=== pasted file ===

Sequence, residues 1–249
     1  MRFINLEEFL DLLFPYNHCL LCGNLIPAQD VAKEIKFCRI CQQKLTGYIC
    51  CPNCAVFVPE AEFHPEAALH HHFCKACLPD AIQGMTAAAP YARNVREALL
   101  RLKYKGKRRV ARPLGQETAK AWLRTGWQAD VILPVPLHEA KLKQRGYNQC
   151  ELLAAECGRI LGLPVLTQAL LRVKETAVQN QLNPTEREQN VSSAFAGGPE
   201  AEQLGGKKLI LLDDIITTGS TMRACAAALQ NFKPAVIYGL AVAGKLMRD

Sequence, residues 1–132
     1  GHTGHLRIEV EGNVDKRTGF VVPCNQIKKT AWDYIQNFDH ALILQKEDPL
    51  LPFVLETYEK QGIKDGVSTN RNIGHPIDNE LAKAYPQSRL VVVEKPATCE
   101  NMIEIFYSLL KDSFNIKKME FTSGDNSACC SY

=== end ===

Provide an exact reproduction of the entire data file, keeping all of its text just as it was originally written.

Sequence, residues 1–249
     1  MRFINLEEFL DLLFPYNHCL LCGNLIPAQD VAKEIKFCRI CQQKLTGYIC
    51  CPNCAVFVPE AEFHPEAALH HHFCKACLPD AIQGMTAAAP YARNVREALL
   101  RLKYKGKRRV ARPLGQETAK AWLRTGWQAD VILPVPLHEA KLKQRGYNQC
   151  ELLAAECGRI LGLPVLTQAL LRVKETAVQN QLNPTEREQN VSSAFAGGPE
   201  AEQLGGKKLI LLDDIITTGS TMRACAAALQ NFKPAVIYGL AVAGKLMRD

Sequence, residues 1–132
     1  GHTGHLRIEV EGNVDKRTGF VVPCNQIKKT AWDYIQNFDH ALILQKEDPL
    51  LPFVLETYEK QGIKDGVSTN RNIGHPIDNE LAKAYPQSRL VVVEKPATCE
   101  NMIEIFYSLL KDSFNIKKME FTSGDNSACC SY